The authors of this post wished to remain anonymous beyond first names. They undertook their adventure with a new solidarity group, the Hebron Freedom Fund. –Editor.
We, Leo and Molly, are a married couple from Europe. We were asked by YAS (Youth Against Settlements ) in Hebron to go to Hebron Heights Winery and take photos. What qualifies us is a special gift the local Palestinian activists and experienced international campaigners don’t have: we’re good at playing callow tourists – bright-eyed and bushy-tailed! (After all, that’s exactly what one of us looks like.)
Our preparation for the job consisted of four steps:
1) Finding out as much about the winery on the internet as possible.
2) Making up an inconspicuous story that allows us to go there and to take a lot of photos: “We are tourists who were invited to a Shabbat dinner by a religious/devout Jewish family and don’t want to show up with empty hands.”
3) Changing our clothing and equipment: Off with the keffiyeh, replace the map from B’Tselem and the Arabic dictionary with some propaganda from the settlers and a Hebrew dictionary. (With Leo’s white shirt and Molly’s skirt we even looked closely enough like settlers for a few Palestinian kids to throw stones at us.)
4) Adapting our language: Only “Arabs” never “Palestinians” and so on. But not too perfect! We still are wide-eyed tourists, aren’t we?
Then the adventure begins.
Consistent with our story we take a few photos in front of the Tomb of the Patriarchs in Hebron and make our way to the winery from there. It’s located in an industrial area directly behind the settlement of Kiryat Arba, which is adjacent to Hebron. And it’s in no way as fancy as their promotion homepages made us think. We pass a vacant army watchtower, pieces of waste land, a kind of car repair shop, completely wrecked cars and man-high hills of waste and rubble. Uphill from the Winery we see mobile homes and building activities. We wonder whether this officially is an expansion of Kiryat Arba or an outpost.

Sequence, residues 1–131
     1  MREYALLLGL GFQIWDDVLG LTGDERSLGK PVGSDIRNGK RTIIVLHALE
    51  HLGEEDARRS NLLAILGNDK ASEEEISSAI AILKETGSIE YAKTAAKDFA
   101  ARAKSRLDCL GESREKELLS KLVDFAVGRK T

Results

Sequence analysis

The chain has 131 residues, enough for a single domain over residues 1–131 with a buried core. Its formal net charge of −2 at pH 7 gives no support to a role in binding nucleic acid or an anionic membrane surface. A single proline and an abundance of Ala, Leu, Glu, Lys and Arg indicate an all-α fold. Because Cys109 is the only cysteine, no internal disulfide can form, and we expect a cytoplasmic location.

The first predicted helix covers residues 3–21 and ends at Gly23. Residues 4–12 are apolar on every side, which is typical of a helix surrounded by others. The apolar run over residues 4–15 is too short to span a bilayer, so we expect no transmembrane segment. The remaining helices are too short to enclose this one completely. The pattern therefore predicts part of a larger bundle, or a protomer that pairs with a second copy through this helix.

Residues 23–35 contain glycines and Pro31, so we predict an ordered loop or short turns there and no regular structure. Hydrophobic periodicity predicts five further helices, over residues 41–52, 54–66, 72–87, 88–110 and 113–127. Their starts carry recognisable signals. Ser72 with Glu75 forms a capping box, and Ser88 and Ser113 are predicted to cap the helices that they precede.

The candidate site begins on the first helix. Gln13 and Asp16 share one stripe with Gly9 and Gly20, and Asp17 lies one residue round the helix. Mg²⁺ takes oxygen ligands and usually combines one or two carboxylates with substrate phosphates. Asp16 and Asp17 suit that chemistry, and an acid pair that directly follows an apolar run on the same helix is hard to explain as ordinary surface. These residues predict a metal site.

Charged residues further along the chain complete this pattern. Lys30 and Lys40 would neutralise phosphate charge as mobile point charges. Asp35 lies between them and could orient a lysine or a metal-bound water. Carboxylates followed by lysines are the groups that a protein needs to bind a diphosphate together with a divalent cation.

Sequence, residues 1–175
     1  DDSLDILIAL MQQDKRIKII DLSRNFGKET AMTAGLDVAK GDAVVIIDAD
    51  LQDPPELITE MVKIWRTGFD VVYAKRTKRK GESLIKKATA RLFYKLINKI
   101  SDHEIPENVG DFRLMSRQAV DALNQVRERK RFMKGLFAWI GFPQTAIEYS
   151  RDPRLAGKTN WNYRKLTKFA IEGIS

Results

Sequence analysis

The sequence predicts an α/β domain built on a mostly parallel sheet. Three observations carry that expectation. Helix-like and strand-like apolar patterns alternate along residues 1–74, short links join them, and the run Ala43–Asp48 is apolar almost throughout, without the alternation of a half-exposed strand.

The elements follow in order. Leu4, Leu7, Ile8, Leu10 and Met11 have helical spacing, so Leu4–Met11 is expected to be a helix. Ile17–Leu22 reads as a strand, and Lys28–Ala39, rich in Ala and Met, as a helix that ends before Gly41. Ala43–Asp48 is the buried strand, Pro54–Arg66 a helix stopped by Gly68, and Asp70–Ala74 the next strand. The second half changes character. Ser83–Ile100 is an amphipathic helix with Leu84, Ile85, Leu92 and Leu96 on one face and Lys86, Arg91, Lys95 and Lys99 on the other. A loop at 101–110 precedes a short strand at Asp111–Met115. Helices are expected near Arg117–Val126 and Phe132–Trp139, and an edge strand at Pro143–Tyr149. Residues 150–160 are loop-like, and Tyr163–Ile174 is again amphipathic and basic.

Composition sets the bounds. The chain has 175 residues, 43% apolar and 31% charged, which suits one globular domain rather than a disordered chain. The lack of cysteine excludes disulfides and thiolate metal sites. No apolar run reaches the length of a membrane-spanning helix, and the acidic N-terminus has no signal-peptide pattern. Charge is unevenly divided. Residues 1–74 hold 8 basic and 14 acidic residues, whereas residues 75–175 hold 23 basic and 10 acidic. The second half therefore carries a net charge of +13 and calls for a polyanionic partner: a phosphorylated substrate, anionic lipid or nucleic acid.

Our object of interest turns out to be some warehouses – normal, standard industrial architecture. We don’t see anybody and start to take photos from the outside: the machine that crushes the grapes and into which the lorries directly unload from the road, also a few wine tanks. There is no closed gate, so we go around to the backyard. (After all, the main quality we learned from the Israelis is “chutzpah” – impudence.) Here we meet Daniel, tell him our story and stress how amazed we are at the winery. They don’t sell wine here, and he can’t make any decisions, so he takes us to his boss.
Moshe is the production manager (or something close). He listens to our story, realizes how amazed we are and proudly gives us a private tour. He shows us the big tanks where they ferment the wine (18,000 litres each), the barrels where the wine is ageing, the wine bottles and boxes, and last but not least the on-going labelling and packing process.
Boxes are labeled “Made in Israel.” A bottle of Riesling says “Jerusalem Winery – 42820 Geulim – Israel,” falsely listing it as being located within the 1948 borders of Israel. This labelling fraud can cause Hebron Heights Winery and Israel trouble with the European Union. According to EU rules, Israeli goods have privileged access to the European market. But, goods from the settlements don’t. Israel is always denying that goods made in the settlements are falsely labelled as “Made in Israel”. But now we have proof!
Moshe tells us that the winery produces 400,000 – 500,000 litres of kosher wine per year. The Hebron Heights Winery, Moshe goes on to tell us, is mainly processing wines from the Hebron area. – The vineyards are mainly in the southern West Bank and all have to be “owned“ by law-abiding Jews… that’s occupation at its best (er – worst)!
Moshe himself neither speaks Hebrew nor English as his mother tongue, but Afrikaans, since he comes from South Africa, where he worked in the security business. So, life in the West Bank isn’t completely new to him. That feels unsurprising to us.
At the end of the tour, Moshe phones the owner of the Winery to ask if he’s allowed to give us two bottles of wine as a present. He is allowed to, picks two freshly labelled bottles from the production line, poses with them for a photo and hands them to us. The rest of the bottles head out to be sold. Outside of Palestine companies like Kosher Wine Cellar in London, Kosherwine.com in Washington, DC, JWines in Pittsburgh, at Happy Hearts Wine in Brooklyn carry them for sale.